Expand full comment
Mar 16, 2023Liked by Andrew Cutler

So just a quick update:

I decided that I wanted to see if there was anything to my point about asking the language models to write detailed vignettes, so I wrote up a program to do so and did a PCA on embeddings of those vignettes. So far I've generated 27 vignettes, though I will probably generate more later.

Unfortunately, though perhaps unsurprisingly, these embeddings were totally dominated by the situation rather than by the behavior. So PC1 was basically the freetime vs work factor, and PC2 was basically the family vs school factor. I have some ideas for how to avoid this problem, but it makes things somewhat difficult. Will provide updates later.

Onto your comment:

"To an extent, I think the Lexical Hypothesis solves this! The idea is that all of this information is packed into the word "abusive" and when we do factor analysis on a word list that includes abusive we are getting all of the information in that story."

😅 I think I'm not as big a fan of the lexical hypothesis as you are. I worry that one erases a lot of information by combining the abstract words with another layer of abstraction from the factor analysis, hence why I tend to want to "dig down" underneath the lexical abstraction.

Expand full comment

Update 2: I created something to control for environment (basically embedded the start of the story that contained the environment and then using regression to subtract that before the PCA.)

Here's with 16 dimensions: https://pastebin.com/22VHe2Us

Expand full comment

Some more investigations with my method:

I created 175 vignettes and extracted 29 principal components (based on a parallel analysis). I then did some varimax stuff to align the components to the vignettes. Also I asked the language models to summarize the vignettes to single sentences to make it easier to read/share quickly without having to read a ton of random blocks of text.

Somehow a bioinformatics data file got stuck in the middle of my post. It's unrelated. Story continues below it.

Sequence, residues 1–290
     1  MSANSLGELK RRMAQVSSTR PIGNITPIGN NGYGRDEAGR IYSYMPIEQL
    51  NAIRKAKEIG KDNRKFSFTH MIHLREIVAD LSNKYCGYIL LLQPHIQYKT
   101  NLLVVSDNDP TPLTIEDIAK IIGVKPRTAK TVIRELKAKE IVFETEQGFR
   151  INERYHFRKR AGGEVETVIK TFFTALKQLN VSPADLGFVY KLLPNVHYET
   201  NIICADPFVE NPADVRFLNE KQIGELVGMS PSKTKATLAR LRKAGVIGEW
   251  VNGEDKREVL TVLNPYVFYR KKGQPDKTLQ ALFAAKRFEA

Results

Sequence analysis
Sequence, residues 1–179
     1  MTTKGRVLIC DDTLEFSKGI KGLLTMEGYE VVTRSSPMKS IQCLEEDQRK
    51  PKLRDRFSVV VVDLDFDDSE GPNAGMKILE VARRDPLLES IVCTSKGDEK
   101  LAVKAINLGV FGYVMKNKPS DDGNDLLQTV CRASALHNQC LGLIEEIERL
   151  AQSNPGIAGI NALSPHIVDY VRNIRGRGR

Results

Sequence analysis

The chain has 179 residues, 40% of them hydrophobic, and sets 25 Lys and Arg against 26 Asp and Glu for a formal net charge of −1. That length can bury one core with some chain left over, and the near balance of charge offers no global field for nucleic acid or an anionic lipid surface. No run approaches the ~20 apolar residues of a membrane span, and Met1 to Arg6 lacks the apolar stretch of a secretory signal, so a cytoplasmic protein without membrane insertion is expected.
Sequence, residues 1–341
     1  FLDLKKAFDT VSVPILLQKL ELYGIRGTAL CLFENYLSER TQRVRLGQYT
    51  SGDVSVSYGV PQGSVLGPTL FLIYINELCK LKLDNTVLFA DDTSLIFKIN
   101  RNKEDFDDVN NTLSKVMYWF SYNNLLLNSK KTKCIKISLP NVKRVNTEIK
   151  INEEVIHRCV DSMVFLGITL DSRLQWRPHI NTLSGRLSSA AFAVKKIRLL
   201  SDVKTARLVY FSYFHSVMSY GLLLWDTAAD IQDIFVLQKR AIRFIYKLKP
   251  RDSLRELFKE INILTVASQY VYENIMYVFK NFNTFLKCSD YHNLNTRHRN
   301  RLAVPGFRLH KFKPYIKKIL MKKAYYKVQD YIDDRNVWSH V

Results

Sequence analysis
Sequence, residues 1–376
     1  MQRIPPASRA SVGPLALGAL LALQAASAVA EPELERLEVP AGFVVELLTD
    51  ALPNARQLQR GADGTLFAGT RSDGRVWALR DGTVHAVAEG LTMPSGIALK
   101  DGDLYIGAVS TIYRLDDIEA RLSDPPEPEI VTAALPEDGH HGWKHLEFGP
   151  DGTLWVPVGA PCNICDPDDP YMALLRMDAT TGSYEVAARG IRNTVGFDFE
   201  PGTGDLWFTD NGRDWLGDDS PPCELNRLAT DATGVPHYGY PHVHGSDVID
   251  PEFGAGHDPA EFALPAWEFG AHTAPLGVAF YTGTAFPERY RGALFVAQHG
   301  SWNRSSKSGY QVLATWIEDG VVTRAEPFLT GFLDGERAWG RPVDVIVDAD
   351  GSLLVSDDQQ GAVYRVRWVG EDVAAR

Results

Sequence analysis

Here's my attempt at interpreting the resulting factors:

Factor 0: Job interview vs party

Factor 1: Meeting

Factor 2: Introverted vs extraverted

Factor 3: Work vs lecture

Factor 4: Competence

Factor 5: Unsure

Factor 6: Healthcare

Factor 7: ?Social influence on other's moods?

Factor 8: Restaurant

Factor 9: Unsure

Factor 10: Shopping

Factor 11: Charity

Factor 12: Only 2 primary loadings so unsure

Factor 13: Unsure

Factor 14: Animal/homeless shelters vs celebrations

Factor 15: Social tension

Factor 16: Possibility of taking sides in a conflict

Factor 17: Studying hard vs ???

Factor 18: Romance vs CEOs encouraging workers to be productive (surely this is a rotation failure...)

Factor 19: Happy atmosphere

Factor 20: Exciting things (e.g. sports, concerts, but also anger)

Factor 21: Unsure

Factor 22: ?Making friends vs making progress??

Factor 23: Something to do with rules and conflict

Factor 24: Beach/summer/???

Factor 25: ?Homework? vs ???

Factor 26: ???

Factor 27: Horny

Factor 28: ???Game???

Here's the summary stats I made the interpretation based off: https://pastebin.com/vBSbMHCK

Expand full comment